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  • Cited by 4
  • Print publication year: 1994
  • Online publication date: October 2009

15 - Population biology of Senecio keniodendron (Asteraceae), an Afroalpine giant rosette plant

Summary

Introduction

Senecio keniodendron (Asteraceae) is an abundant and widespread giant rosette species endemic to the alpine zone of Mount Kenya (lat 0°), Kenya. Along with Senecio brassica, it forms a dominant component of the alpine plant community, and shows a high degree of morphological convergence with giant rosette genera in other tropical alpine areas (Hedberg & Hedberg 1979; Smith & Young 1987; Smith, Chapter 1). Here we summarize studies of S. keniodendron population biology carried out between 1977 and 1985, and briefly compare these results with those both for S. brassica, and for the convergent Andean genus Espeletia (Asteraceae).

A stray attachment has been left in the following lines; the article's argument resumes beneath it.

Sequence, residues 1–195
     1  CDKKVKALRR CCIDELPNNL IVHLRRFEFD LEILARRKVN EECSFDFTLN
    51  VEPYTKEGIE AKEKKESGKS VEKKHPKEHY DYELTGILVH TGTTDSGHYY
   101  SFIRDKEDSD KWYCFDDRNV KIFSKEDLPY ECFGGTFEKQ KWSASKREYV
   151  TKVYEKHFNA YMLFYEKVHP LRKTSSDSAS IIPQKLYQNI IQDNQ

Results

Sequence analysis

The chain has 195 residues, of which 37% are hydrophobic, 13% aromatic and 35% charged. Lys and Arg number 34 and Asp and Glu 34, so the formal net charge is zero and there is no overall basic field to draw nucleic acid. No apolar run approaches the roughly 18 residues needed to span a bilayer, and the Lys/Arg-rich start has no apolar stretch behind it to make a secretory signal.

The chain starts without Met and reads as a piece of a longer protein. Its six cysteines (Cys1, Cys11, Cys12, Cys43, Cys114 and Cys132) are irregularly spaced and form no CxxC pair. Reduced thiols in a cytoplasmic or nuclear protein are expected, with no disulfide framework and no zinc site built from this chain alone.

Senecio keniodendron occurs most commonly on upper slopes and ridges from c. 3700–4600 m elevation. Adult densities generally range from 1 to 10 plants per 100 m2, with greatest densities on talus slopes between 4000 and 4200 m. The mean height of S.keniodendron plants is significantly positively correlated with slope angle (Figure 15.1; r = +0.60; p < 0.001). Senecio keniodendron is replaced by S. brassica on lower slopes and valley floors; S. brassica has a lower elevational range than S. keniodendronc. 3400–4400 m. The upper limit of growth for S. keniodendron (4600 m) may be due to a combination of drought and freezing stress (see also Perez 1987, on Andean Espeletia). Figure 15.2 shows the surface response curves for the densities of S. keniodendron (p < 0.04) and S. brassica (p < 0.01) im the Teleki Valley, relative to elevation and slope.